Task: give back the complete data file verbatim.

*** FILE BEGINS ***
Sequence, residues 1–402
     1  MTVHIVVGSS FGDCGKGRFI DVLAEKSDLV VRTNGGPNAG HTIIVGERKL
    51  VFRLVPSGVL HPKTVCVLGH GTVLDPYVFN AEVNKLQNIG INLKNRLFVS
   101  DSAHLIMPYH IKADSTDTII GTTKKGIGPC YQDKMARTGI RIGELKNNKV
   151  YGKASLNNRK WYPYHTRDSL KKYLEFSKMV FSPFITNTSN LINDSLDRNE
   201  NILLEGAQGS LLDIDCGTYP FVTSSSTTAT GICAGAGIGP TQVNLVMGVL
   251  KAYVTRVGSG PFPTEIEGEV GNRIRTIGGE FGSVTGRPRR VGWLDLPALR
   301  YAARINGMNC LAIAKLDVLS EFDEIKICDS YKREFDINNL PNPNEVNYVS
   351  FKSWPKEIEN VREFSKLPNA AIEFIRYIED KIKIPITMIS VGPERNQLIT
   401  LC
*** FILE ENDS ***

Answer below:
Sequence, residues 1–402
     1  MTVHIVVGSS FGDCGKGRFI DVLAEKSDLV VRTNGGPNAG HTIIVGERKL
    51  VFRLVPSGVL HPKTVCVLGH GTVLDPYVFN AEVNKLQNIG INLKNRLFVS
   101  DSAHLIMPYH IKADSTDTII GTTKKGIGPC YQDKMARTGI RIGELKNNKV
   151  YGKASLNNRK WYPYHTRDSL KKYLEFSKMV FSPFITNTSN LINDSLDRNE
   201  NILLEGAQGS LLDIDCGTYP FVTSSSTTAT GICAGAGIGP TQVNLVMGVL
   251  KAYVTRVGSG PFPTEIEGEV GNRIRTIGGE FGSVTGRPRR VGWLDLPALR
   301  YAARINGMNC LAIAKLDVLS EFDEIKICDS YKREFDINNL PNPNEVNYVS
   351  FKSWPKEIEN VREFSKLPNA AIEFIRYIED KIKIPITMIS VGPERNQLIT
   401  LC